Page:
Tuesday, August 04, 2020


Standing on one foot, the government acts in the workers' interests, that is the entirety of socialism, and the rest is its interpretation.

Why the workers' interests? Why not humanity's interests? Everyone's interests?

In part, the reasoning is, I think, along the same lines as #BlackLivesMatter. The intent of this slogan is not that only Black lives matter. Instead, everyone already agrees that White lives matter, but no small few seem to believe that Black lives do not matter. White people do not need a political movement to protect their lives because their lives are already protected. Black people do need a political movement because their lives are presently not protected by law and custom.

Similarly with socialism, at least in part: all humanity does matter, but billionaires and their supporters and enablers do not need a political movement to get the government to act in their interests. The government already acts in interests of the billionaires, but acts against workers' interests.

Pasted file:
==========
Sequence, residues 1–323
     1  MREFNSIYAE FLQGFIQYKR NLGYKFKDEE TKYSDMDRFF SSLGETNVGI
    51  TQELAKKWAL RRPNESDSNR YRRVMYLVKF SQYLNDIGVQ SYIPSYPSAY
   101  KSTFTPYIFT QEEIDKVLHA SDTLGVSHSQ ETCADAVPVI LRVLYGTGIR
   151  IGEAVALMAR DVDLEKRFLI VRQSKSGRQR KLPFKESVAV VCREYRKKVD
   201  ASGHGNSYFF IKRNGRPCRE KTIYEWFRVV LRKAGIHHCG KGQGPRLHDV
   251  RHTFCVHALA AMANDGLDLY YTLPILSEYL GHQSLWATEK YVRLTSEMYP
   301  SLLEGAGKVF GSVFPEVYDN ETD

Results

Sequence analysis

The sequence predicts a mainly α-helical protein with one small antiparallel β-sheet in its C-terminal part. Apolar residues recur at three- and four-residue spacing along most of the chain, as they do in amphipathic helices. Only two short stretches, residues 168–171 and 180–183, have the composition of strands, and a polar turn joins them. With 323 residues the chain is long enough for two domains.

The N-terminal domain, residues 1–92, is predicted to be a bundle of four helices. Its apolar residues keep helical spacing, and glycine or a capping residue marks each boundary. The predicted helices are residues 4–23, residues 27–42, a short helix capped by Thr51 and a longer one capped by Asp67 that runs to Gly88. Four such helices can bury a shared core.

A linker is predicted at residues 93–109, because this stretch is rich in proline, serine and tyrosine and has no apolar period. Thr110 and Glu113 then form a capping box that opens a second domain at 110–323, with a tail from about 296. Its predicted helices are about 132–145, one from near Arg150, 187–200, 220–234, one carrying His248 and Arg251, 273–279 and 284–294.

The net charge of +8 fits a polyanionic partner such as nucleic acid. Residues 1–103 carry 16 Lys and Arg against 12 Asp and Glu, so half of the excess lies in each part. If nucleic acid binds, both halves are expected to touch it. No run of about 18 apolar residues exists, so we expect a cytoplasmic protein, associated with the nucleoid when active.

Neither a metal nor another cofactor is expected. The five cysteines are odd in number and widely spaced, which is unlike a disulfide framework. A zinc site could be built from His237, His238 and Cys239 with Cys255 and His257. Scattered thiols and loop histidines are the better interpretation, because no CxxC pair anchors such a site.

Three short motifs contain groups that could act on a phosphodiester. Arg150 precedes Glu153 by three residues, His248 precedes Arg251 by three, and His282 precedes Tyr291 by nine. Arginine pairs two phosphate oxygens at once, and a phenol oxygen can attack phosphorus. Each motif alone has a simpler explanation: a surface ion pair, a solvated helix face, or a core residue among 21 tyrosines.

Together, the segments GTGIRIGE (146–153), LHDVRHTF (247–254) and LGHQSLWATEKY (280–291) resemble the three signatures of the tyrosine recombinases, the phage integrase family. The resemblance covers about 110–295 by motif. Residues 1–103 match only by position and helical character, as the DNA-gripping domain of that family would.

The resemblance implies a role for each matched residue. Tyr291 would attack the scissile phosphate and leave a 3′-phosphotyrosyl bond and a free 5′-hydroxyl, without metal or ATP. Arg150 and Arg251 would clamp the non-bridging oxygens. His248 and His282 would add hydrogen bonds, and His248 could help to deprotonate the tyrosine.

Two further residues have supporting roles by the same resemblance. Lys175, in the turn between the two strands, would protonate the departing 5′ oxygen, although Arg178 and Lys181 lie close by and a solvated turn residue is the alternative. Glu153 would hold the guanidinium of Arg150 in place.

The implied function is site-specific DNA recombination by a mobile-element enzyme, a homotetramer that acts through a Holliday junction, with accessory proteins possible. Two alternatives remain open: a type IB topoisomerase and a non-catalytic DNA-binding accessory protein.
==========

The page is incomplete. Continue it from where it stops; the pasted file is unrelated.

But in part, socialism is dissimilar to BLM. I hold as an article of faith that white people's interests are not fundamentally opposed to black people's interests, however presently entrenched the opposition. In contrast, billionaires' interests are fundamentally opposed to workers' interests. The government cannot act in workers' interests without acting against billionaires' interests. The only final resolution to the conflict is to eliminate the billionaires.

Happily, it is at least theoretically possible to eliminate the billionaires without killing anyone: we need only take away their money, not their lives. The billionaires might fight to the death to preserve their power and privilege, but that's their choice, not ours.

A note on capitalization: I use the capitalized terms White and Black to denote socially constructed racialization. In this sense, White interests are fundamentally opposed to Black interests. I use the uncapitalized terms white and black to denote the physical characteristics that we usually use to socially construct race. I personally am white, but I do not see myself (or I do my best to not see myself) as White. Also, the social construction is not symmetric: Whiteness is intrinsically racist, but Blackness is not, because Blackness is a response to White racism.

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